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GAS

DYNAMICS
ME 51000

Instructor: Carlos Larriba-Andaluz

SYLLABUS
Instructor: Dr. Carlos Larriba-Andaluz, Professor of Mechanical
Engineering
Phone: 317-274-8993. E-mail: clarriba@iupui.edu

Meeting Time: Mon-Wed, 6:00 p.m. 7:15 p.m. in SL 055

Office Hours: Friday, 2:00 pm 3:00 pm, OFFICE SL 164Q appt. is


encouraged

Prerequisite:
ME 310 or equivalent
Prerequisites by topic: Basic thermodynamic laws and concepts,
introductory fluid mechanics, heat transfer concepts, partial differential
equations.
Required Textbook: Gas Dynamics, vol. 1, Zucrow & Hoffman, Wiley.
Optional Textbook: Gas Dynamics, vol. 2, Zucrow & Hoffman, Wiley.

ME 51000 Course Policies and Requirements


1. Thoroughly review the prerequisite material for this course, especially
undergraduate fluid mechanics and thermodynamics. Previous knowledge of
heat transfer will be helpful.
2. Preparation. Study the relevant text material and notes before class.
3. The Course Outline provides a guide to course content. Lectures may
sometimes depart from the outline sequence, and will include additional
material.
4. Solve the assigned HW problems on your own, and stay up to date. Assigned
homework will be collected, and will be graded.
5. There will be one in-class midterm exam and one final examination. They will
cover all material presented in class.
6. Keep a course portfolio of all your work in the course, including homework,
tests, papers read, and your term paper. The course portfolio may be collected
at the final exam.
7. The course grade will be determined by:
Midterm
30%
Final or Project
30%
Homework
30%
Participation and Attendance 10%
8. Overall score needed for grades (Every letter includes three grades, e.g. A

ME 510 GAS DYNAMICS DAY BY DAY SYLLABUS


Month

Week

WEEK 1

Day

Lecture Topic

Jan 9th

Introduction & Syllabus


INTRODUCTION TO GAS
DYNAMICS:
Continuum Postulate Forces
acting on a Fluid, Density,
Velocity, and Stress at a point.

Jan 11th

Jan 16th
WEEK 2
Jan 18th
January
Jan 23rd

NO CLASS
MARTIN LUTHER KING
BASIC CONCEPTS
Eulerian vs. Lagrangian
Approach.
Substantial Derivative
Lipschitz (Reynolds) Transport
Theorem.
GOVERNING EQUATIONS I
Conservation of Mass
Newtons Second Law

Required
Readings from
Textbook

1-1 to 1-4

2-1 to 2-4

2-5 to 2-6

WEEK 3
Jan 25

WEEK 4

th

Jan 30th

GOVERNING EQUATIONS II
Thermodynamics First Law,
Thermodynamics Second Law
ONE DIMENSIONAL FLOW
CONCEPT
Governing Equations in 1D

2-7 to 2-9
1-15 to 1-17
3-1 to 3-7, 3-12

Feb 1

st

Feb 6th

WEEK 5
Feb 8th

Feb 13th
(PROJECT DESIGN
STARTS)

February
WEEK 6

Feb 15th

Feb 20th
WEEK 7
Feb 22nd
WEEK 8

Feb 27th

ONE DIMENSIONAL
FLOW CONCEPT
Governing Equations in 1D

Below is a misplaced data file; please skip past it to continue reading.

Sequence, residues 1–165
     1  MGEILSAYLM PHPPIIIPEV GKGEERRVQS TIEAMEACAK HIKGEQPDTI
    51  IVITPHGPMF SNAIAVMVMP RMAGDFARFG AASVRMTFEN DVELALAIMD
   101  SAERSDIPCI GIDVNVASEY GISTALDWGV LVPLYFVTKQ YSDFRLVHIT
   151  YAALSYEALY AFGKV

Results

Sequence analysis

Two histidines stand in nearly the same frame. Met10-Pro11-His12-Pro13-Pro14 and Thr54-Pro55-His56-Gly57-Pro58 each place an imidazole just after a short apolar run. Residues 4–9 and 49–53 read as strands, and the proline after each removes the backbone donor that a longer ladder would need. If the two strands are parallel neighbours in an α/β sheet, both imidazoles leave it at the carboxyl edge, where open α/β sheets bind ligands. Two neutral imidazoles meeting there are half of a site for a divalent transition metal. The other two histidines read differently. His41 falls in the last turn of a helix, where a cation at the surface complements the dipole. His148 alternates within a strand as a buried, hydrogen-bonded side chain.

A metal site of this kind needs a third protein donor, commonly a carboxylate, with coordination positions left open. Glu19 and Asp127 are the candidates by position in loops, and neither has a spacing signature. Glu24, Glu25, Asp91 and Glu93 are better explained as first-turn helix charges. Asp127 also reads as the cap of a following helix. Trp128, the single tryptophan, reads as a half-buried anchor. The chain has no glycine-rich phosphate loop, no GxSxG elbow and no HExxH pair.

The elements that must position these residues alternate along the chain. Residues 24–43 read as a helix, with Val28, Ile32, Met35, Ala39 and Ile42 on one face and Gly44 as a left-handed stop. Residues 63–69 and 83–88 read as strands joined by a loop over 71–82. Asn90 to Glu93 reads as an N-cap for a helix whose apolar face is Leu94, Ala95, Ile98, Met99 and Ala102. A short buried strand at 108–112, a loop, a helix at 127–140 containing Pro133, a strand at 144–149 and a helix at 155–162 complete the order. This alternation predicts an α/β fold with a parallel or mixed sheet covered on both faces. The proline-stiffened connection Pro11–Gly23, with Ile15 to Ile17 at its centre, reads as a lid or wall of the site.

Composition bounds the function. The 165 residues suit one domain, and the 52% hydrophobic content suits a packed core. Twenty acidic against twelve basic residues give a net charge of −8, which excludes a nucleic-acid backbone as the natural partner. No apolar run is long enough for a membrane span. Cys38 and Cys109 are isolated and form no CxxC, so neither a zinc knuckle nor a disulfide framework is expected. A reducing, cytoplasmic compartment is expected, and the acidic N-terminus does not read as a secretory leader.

COMPRESSIBLE FLOW.
Stagnation Conditions
Critical Area
ISENTROPIC FLOW
1D Flow with Area Change.
Limiting Conditions and
Choking. Downstream
Boundary Conditions
PERFECT GASES
LAVAL NOZZLE
Converging diverging
Nozzles
Varying the BackPressure
FLOW
FLOW WITH FRICTION
Governing Equations
Fanno Line
FANNO LINE for Perfect
Gases.
DIMENSIONAL ANALYSIS

1-D STEADY ISOTHERMAL


CONSTANT-AREA
FLOW with HEAT
TRANSFER
Rayleigh Line, Perfect Gases

1-15 to 1-17
3-1 to 3-7, 3-12

3-8 to 3-11

4-1 to 4-5

4-6,4-7

5-1 to 5-4

5-5, 5-7

6-1 to 6-5

WEEK 8

WEEK 9

March 6th

FLOW with HEAT


TRANSFER
Rayleigh Line, Perfect
Gases
REVIEW

March 8th

MIDTERM EXAM

March 1st

March 13th
March 15th
March 20th

WEEK 10
March 22nd
March
March 27th

WEEK 11

6-1 to 6-5

SPRING
BREAK
MASS ADDITION
Governing Equations

9-1 to 9-3

GENERAL 1D FLOW
Governing Equations
and Influence
Coefficients

9-5

NORMAL SHOCKWAVES
Equations. Normal
Shockwaves in Perfect
Gases

7-1 to 7-4

OBLIQUE
SHOCKWAVES
Perfect Gases
Supersonic Flows over
wedges and cones

7-6,7-7,7-10

March 29th

April 3rd
WEEK 12
April 5th
April 10th
WEEK 13

April 12th

April 17th
April

WEEK 14
April 19th
April 24th
WEEK 15

April 26th

May

WEEK 16

May 1st

SUPERSONIC FLOWS
Reflections and
Intersections
7-11,7-12, 7-13
Supersonic Wind Tunnels.
Supersonic Breathing
EXPANSION WAVES
8-1 to 8-4, 8.8
General Features
REVIEW

PROJECT DESIGN

PROGRESS PRESENTATION
MULTIDIMENSIONAL FLOW I
Introduction, Coordinate
Systems.
10-1 to 10-6
Stream lines, trajectories.
Circulation Rotation and
Vorticity
MULTIDIMENSIONAL FLOW II
Croccos and Kelvins Theorem
10-7 to 10-12
Potential and Stream Functions
METHOD OF CHARACTERISTICS
General Theory. Partial
12-1 to 12-3
Differential Eqs.
STEADY TWO DIMENSIONAL
FLOW
Application to Steady 2D Planar
12-4, 12-5
Axisymmetric Irrotational
Chap. 16 (Vol 2)
Supersonic Flow
Numerical Implementation
REVIEW
TAKE HOME EXAM 48h
PRESENTATIONS

PROJECT: GENERALIZED 1D NOZZLE

WHAT IS
GAS DYNAMICS?

POOL OF
SCIENCE
Mechanics
Solid
Mechanics

Fluid
Mechanics

Fluid Statics

Fluid
Dynamics

Gases

Compressibl
e Flow
(Gas

Liquids

Hydrodynamic
s&
Incompressibl
e
Aerodynamics

When is a gas considered Compressible?

Expansio
n

Compressibilit
y

Why is a gas so
compressible?

Gas transmits information that an

How far back can we send information?

DSMC Calculator by Graeme Bird

Mach Number

a = speed of
sound

M>0.3
Compressi
ble

"Mach Number Flow Regimes" by


Rchisena92

What is density? The continuum postulate

Extracted from Gas Dynamics Vol I. by


Zucrow and Hoffman

Knudsen number

Mean Free
Path
Characteristic
Length of our
Particle

Applications

Nozzles (Rockets, jet engines, gas and steam turbines)


Diffusers (Aircraft engine inlet, turbomachinery exits)
Inlets (Supersonic Inlets, )
Ducts (With friction, heat transfer, )
Combustors (Chemical Reactions, heat and mass transfer)
Mass addition (Rockets)
Shock Tubes & Wave devices (in order to simulate actual
explosions and their effects)